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Lamb

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NEWS
April 1, 1993 | Inquirer photographs by John Slavin
One of the sheep at Pennsbury Manor in Morrisville gave birth to triplets yesterday, an unusual occurrence. Pennsbury Manor is the recreation of William Penn's country home, and it has a farm with 14 sheep in addition to cows, horses, chickens and geese. Earlier this week, a second ewe gave birth to twins and a third one had a single lamb. This is Pennsbury's first set of triplets, and all were healthy.
NEWS
March 4, 2010 | By Craig LaBan, INQUIRER FOOD CRITIC
I'm a lamb lover all year long, but in springtime, my craving for chops, shanks, and kebabs hits prime season. It's a good thing local chefs are eager to indulge with an endless variety of interpretations, ethnic spins and techniques, from brines to braises to wood-smoking braziers. Of course, there's nothing wrong with a classically roasted rack. But for these more unusual examples of flavorful lamb cookery, I'd suggest leaving the mint jelly at home.     CORIANDER So many of my favorite lamb dishes come from local Indian restaurants, topped by the coconutty lamb chettinad at Tiffin and the pastry-sealed lamb dampakht curry pot pie at King of Tandoor.
ENTERTAINMENT
February 12, 2014 | BY DEBORAH WOODELL, Daily News Staff Writer woodeld@phillynews.com
'AS the Palaces Burn" is not a typical life-on-the-road film, or, at least, it didn't turn out to be. Instead, the film, which will have its world premiere Sunday at the Trocadero, is a gripping look inside a band in crisis, with its lead singer fighting to stay out of prison. As the metal band Lamb of God was touring the world in support of its seventh studio album, "Resolution," accompanied by Philadelphia filmmaker Don Argott's crew, frontman Randy Blythe was arrested in June 2012 in Prague, Czech Republic, and charged in the death of a fan who had suffered fatal injuries at a concert two years before.
FOOD
April 11, 1990 | By Barbara Gibbons, Special to the Daily News
In many cultures, lamb, not ham, is the traditional dinner choice for Easter. Why not make it yours? Boneless lean meat from a leg of lamb is under 600 calories a pound, compared with 800 or more for a ham - even without the syrupy glazed fat. Lamb is a also a better choice for people who need to cut down on salt. Not a bit of a roasted leg of lamb need be wasted. Today we'll show you how to make the most of that holiday dinner. HOW TO ROAST A LEG OF LAMB Don't remove the parchment-like skin (known as the "fell")
FOOD
May 28, 1986 | By Michael Bauer and Anne Lindsay Greer, Special to The Inquirer
We have become a country of ethnic fads, whether we are creating an at-home Tex-Mex plate, a pasta tossed with just about any imaginable ingredient, or a quick Oriental stir-fry. All of these ethnic cuisines have expanded our cooking repertoire and have given us a thirst for more exotic fare. The foods of Morocco, an interesting blend of Middle Eastern, French and African, are just beginning to filter into the American consciousness. One of the best-known ingredients from this culture is couscous, a mixture of semolina flour with a texture somewhere between grits and rice.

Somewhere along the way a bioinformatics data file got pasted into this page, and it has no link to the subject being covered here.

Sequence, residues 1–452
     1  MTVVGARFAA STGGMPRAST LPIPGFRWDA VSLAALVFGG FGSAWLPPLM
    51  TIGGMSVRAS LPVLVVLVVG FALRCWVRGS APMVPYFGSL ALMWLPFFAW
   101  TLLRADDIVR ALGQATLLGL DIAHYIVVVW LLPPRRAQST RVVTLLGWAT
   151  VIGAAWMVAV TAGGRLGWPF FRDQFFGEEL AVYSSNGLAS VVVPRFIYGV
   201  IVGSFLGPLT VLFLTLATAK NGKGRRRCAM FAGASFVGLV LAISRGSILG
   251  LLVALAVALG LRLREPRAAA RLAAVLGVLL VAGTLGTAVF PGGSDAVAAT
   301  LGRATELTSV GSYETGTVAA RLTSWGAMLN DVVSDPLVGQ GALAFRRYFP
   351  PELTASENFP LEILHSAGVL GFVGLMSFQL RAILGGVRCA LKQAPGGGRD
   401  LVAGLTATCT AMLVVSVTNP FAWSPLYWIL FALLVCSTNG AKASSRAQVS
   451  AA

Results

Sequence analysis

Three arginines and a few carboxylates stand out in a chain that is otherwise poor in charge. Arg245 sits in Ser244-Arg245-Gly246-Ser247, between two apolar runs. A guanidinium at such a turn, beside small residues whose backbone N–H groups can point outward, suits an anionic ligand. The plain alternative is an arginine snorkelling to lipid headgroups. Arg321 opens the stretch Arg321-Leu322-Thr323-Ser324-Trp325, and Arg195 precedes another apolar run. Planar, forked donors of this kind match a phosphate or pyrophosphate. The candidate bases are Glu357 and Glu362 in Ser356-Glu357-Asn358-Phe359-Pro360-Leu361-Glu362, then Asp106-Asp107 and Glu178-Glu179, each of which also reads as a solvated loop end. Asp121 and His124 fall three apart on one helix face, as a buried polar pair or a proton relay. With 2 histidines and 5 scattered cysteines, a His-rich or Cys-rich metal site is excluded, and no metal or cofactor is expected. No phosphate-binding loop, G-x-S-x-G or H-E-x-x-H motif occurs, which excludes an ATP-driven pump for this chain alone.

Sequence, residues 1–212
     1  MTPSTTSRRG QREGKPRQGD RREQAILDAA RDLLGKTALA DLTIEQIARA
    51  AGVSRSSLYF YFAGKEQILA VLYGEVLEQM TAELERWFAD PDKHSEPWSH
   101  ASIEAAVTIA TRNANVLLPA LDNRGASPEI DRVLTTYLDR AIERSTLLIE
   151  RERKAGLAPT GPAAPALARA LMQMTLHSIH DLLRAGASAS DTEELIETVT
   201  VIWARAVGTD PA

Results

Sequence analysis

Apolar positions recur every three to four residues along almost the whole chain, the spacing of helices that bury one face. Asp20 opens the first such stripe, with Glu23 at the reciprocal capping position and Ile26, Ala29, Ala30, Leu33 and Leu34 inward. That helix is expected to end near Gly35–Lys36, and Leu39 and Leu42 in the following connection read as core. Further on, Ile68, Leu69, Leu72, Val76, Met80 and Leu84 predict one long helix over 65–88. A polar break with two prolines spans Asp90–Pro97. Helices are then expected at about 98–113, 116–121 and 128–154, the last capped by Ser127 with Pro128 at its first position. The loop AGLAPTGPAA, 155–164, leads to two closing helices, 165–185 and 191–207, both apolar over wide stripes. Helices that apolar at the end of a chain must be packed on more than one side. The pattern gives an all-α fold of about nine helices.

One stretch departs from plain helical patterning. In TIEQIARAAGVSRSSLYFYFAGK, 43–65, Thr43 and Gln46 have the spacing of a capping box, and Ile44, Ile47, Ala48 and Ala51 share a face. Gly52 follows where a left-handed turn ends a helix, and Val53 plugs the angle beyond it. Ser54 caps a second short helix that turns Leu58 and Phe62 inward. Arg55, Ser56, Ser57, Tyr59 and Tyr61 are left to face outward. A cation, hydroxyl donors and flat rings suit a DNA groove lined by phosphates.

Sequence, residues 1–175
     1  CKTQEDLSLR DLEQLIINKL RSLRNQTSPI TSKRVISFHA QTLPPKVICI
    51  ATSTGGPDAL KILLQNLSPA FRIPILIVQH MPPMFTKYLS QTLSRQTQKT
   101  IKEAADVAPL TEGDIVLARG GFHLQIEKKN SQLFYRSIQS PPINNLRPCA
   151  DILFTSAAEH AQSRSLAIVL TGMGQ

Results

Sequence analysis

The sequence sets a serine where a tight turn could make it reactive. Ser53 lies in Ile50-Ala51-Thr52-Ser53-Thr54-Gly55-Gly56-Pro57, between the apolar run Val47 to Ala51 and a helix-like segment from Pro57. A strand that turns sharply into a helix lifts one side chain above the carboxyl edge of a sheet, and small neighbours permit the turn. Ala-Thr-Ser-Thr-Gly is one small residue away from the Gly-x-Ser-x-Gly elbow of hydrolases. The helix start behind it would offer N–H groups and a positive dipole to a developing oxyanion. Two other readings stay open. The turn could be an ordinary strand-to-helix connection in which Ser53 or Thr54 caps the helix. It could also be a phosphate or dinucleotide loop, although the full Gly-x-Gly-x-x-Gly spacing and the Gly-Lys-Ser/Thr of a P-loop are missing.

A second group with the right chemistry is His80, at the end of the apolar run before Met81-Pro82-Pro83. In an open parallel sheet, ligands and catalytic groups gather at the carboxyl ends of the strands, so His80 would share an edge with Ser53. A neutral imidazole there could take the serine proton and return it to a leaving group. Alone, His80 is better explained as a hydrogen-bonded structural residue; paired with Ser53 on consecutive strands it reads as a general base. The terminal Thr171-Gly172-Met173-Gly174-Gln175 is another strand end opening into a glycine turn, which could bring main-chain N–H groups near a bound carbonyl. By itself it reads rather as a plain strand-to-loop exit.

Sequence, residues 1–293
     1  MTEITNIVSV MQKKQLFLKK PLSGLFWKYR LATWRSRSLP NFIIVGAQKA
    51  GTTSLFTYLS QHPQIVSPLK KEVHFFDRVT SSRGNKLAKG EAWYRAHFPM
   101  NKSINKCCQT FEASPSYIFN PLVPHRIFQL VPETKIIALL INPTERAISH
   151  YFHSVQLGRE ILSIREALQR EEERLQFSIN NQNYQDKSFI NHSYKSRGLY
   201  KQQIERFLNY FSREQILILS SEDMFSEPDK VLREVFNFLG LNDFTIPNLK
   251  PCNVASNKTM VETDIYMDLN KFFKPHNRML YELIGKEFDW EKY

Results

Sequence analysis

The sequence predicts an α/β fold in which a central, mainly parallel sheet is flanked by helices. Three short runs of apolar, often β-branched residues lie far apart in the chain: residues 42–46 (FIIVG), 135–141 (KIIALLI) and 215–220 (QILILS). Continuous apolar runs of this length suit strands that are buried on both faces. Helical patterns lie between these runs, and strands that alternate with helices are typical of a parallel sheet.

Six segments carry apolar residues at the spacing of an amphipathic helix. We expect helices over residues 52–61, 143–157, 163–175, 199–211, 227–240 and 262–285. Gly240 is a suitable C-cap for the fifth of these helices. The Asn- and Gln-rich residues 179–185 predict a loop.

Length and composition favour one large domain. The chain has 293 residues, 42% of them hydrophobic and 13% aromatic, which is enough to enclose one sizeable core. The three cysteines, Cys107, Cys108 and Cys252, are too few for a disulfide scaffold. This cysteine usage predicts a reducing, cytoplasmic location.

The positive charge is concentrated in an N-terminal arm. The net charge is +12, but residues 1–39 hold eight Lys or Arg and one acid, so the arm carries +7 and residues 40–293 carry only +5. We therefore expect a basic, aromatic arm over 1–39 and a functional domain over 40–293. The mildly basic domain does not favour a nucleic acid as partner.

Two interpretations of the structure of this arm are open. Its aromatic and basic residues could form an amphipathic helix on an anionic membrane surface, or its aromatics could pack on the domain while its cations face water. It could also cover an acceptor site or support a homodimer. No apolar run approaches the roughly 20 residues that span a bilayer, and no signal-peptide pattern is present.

ENTERTAINMENT
February 28, 1986 | By STAN HOCHMAN, Daily News Restaurant Reviewer
The rack of lamb is no longer on the menu at the Gourmet restaurant. David, the lone waiter in the room, pauses breathlessly to explain that the price of lamb got too high, but that the rack is available at $19.50, and that it is done with a coating of bread crumbs and Dijon mustard. Forget the price. Order it. Get it done medium rare so that it's pink and juicy. Scrape away the bread crumb-mustard glop and enjoy. The lamb was the highlight of two visits to this curious Northeast establishment, where the menu seems culled from the back issues of Good Housekeeping, circa 1964.
NEWS
May 20, 2014
THIS IS A 21st-century retelling of the parable of the lion who lies down with the lamb. In our story, the lion is state Rep. Mark Cohen, the longest-serving member of the state Legislature. The lamb is Jared Solomon, his challenger in tomorrow's Democratic primary. Cohen has been in office since 1974, almost as long as I've been at the Daily News , but he has a much better expense account. He represents the lower Northeast - Castor Gardens, Lawndale, Oxford Circle, Lawncrest, Burholme, Summerdale and Wissinoming.
FOOD
March 2, 1988 | By MERLE ELLIS, Special to the Daily News
Many are the times in this column that I have lamented the unfortunate fate of lamb in this country. Over the years, I have pontificated on the prejudices against lamb, particularly by many of my fellow Midwesterners from the heartland of America where it is possible to travel along miles and miles of meatcases and seldom see a lamb chop. I have chastised my fellow butchers for the abominable job most of them do when it comes to cutting up a lamb carcass. Well, while I've been babbling about it, one butcher did something about it!
FOOD
March 18, 2010
Queen Village's loss is a Rittenhouse Square adventure eater's gain now that David Ansill, who this summer sadly shuttered his eponymous bistro, Ansill, recently landed at Ladder 15. The adventurous chef, noted for his talent with spare-parts cooking, is a major kitchen upgrade for this former firehouse-turned-trendy Market Street happy-hour hall. The menu of bar snacks and small plates covers plenty of Ansill-esque hits, from those kimchi-spiced Korean tacos to braised pork belly BLT's and decadent burgers topped with short ribs and a side of marrow bone.
NEWS
March 1, 1991 | By Leon Taylor, Daily News Staff Writer
March came in today like a lamb - and a very parched one at that. Today's forecast high of 65, under sunny skies, is 20 degrees above the 45- degree average high for this time of year, said Accu-Weather meteorologist Chuck Jones. Tonight's expected low of 50 also is well above the average low of 28. Mild temperatures are expected to continue through tomorrow and Sunday with highs of 65 and 60, respectively. But it won't be dry. Jones said rain will begin late tonight, continue into tomorrow, and possibly hang around into Sunday.